Shrubs for Tubs

Updated February 21, 2017

Give your patio containers more height and variety by using shrubs. Shrubs add a subtle background behind colourful annuals, and perennial cultivars will brighten the landscape during winter. When selecting your shrub, look for a variety that grows slowly, is dwarf or smaller and hardy for your zone, recommends Jane Martin of Ohio State University.

Little Henry Dwarf Sweetspire

Little Henry dwarf sweetspire (Itea virginica 'Sprich') grows in low mounds only 2 feet tall and wide. Its leaves turn a reddish-purple in the fall, and it produces 6 inch long clusters of fragrant, white flowers in the spring. Sweetspire is fairly drought tolerant if well established during its first year, according to Karen Russ of Clemson University. This shrub grows in sun or shade, although it thrives in areas where it receives at least six hours of sun.

Goldmound Spirea

Goldmound spiraea (Spiraea japonica 'Gold Mound') is a deciduous, woody shrub with bright yellow-green leaves. The shrub blooms throughout summer with small clusters of pink flowers that attract butterflies. It grows 2 to 3 feet tall. This Spirea cultivar needs full sun for best foliage colour. Prune it in early spring, as the flowers come on new growth.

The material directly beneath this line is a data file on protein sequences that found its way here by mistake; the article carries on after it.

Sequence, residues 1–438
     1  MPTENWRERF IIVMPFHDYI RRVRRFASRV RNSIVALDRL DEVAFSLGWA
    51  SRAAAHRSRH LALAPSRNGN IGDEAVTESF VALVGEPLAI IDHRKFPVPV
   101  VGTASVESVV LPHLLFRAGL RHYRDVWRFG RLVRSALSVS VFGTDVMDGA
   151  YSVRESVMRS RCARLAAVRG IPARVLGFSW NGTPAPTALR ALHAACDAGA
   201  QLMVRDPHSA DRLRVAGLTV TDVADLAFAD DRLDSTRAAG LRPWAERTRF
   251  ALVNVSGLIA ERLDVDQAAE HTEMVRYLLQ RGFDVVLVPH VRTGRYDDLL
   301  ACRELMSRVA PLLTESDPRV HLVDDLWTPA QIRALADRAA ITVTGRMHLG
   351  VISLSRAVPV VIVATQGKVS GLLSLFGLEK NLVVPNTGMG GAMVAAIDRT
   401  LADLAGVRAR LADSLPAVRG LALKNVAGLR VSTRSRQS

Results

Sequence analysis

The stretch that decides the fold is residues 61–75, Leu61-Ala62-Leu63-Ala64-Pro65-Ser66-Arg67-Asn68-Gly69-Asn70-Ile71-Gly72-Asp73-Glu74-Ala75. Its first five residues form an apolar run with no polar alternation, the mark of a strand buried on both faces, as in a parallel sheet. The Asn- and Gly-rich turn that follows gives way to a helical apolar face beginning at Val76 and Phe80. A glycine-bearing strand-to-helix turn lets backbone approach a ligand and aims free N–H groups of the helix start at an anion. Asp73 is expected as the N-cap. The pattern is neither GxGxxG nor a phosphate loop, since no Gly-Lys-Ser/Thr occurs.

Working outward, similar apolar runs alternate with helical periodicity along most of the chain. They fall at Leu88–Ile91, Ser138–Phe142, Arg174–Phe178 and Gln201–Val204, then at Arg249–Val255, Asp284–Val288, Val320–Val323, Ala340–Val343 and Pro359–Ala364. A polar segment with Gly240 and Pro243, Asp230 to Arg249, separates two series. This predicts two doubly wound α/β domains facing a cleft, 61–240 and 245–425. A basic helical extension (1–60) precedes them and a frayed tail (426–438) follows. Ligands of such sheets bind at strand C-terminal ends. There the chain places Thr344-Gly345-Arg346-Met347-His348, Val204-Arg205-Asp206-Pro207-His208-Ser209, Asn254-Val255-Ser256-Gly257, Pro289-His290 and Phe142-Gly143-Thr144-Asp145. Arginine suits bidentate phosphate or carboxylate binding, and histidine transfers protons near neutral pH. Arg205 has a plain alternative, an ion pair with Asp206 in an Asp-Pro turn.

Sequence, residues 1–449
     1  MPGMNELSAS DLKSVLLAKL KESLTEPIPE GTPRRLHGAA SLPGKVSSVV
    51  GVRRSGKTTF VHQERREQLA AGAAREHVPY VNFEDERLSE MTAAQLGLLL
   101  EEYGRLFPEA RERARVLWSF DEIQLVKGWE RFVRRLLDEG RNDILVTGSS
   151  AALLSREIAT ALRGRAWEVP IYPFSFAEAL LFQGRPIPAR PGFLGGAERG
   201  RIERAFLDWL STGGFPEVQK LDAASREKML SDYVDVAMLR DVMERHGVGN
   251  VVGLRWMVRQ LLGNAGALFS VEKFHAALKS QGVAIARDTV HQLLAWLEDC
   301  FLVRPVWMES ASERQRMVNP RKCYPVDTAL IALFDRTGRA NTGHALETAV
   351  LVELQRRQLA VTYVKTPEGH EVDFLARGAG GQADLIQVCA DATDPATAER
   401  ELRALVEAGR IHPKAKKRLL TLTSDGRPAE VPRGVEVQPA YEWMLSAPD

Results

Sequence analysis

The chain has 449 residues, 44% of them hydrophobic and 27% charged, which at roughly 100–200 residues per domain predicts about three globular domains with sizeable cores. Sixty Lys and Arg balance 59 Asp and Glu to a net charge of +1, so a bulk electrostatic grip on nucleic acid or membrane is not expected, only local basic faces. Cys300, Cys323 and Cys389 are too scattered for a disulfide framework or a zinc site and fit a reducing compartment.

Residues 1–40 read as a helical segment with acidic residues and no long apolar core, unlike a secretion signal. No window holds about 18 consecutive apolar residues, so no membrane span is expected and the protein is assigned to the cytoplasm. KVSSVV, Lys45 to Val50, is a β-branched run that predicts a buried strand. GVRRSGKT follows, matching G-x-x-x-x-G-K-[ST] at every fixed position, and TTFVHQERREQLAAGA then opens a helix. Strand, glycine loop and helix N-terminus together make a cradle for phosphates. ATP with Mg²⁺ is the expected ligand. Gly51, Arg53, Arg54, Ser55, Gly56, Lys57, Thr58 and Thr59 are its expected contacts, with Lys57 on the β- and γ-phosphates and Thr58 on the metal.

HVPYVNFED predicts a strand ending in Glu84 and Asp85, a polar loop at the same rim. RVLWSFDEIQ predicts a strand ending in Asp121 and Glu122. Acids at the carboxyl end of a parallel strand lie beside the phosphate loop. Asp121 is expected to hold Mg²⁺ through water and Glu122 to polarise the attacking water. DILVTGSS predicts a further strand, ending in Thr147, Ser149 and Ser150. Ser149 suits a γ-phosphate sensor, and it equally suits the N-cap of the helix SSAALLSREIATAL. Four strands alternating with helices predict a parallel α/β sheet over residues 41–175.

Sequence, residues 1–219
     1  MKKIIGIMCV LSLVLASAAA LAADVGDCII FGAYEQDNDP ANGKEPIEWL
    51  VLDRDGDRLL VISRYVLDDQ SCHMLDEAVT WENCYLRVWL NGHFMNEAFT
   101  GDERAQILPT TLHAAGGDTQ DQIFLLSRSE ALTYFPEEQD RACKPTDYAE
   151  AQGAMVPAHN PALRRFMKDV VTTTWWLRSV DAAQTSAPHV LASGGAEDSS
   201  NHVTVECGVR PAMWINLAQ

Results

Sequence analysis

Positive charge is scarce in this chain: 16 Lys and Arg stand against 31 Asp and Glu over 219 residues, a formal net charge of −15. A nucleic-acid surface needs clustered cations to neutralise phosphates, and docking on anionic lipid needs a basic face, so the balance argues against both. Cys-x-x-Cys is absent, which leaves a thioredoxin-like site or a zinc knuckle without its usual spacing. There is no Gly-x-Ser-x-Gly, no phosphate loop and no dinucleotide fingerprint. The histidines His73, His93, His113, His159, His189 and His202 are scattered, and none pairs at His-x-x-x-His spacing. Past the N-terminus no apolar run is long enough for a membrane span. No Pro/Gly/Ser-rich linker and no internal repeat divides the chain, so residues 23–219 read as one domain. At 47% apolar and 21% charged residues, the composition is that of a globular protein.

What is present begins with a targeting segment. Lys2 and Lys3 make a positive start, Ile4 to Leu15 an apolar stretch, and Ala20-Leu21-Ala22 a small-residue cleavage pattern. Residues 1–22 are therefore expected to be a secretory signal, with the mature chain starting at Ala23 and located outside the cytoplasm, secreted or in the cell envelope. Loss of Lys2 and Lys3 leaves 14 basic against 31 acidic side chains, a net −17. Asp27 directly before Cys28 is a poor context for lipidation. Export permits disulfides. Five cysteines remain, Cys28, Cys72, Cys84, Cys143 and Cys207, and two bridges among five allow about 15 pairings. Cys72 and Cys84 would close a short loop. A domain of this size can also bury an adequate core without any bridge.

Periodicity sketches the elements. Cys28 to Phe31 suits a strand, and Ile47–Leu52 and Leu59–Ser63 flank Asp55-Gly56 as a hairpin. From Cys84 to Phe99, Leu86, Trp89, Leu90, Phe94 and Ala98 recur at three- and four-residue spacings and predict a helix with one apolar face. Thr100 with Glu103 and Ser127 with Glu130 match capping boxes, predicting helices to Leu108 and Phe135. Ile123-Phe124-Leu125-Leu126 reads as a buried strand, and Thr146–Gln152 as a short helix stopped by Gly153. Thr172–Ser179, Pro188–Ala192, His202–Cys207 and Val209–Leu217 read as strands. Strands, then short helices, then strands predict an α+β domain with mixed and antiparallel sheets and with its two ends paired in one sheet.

Heavenly Bamboo

Heavenly bamboo (Nandina domestica) is a woody, evergreen shrub. Its small, white flowers in the spring turn into large clusters of bright red berries that last through the winter. The fine, lance-shaped leaflets turn red or pink. The 'Harbor Dwarf' selection grows 3 feet tall, and 'Woods Dwarf' turns into small, leafy spheres about 18 inches in diameter, according to Floridata. Heavenly bamboo prefers a rich soil and is drought tolerant once established. It grows in a range of sunlight, from full sun to almost full shade.

Glossy Abelia

Glossy abelia (Abelia x grandiflora) is a rounded, evergreen shrub that flowers in the spring. It reaches 6 feet tall, but likely is smaller when kept in a container. It has glossy, dark-green leaves that turn bronze-red in the fall. Its tiny, white-pink flowers are abundant and grow in clusters at the end of the shrub's branches. The flowers last from May through the first frost, according to Danny Lauderdale of North Carolina State University. Glossy abelia prefers full sun but grows in light shade.

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About the Author

Aileen Clarkson has been an award-winning editor and reporter for more than 20 years, earning three awards from the Society of Professional Journalists. She has worked for several newspapers, including "The Washington Post" and "The Charlotte Observer." Clarkson earned a Bachelor of Arts in journalism from the University of Florida.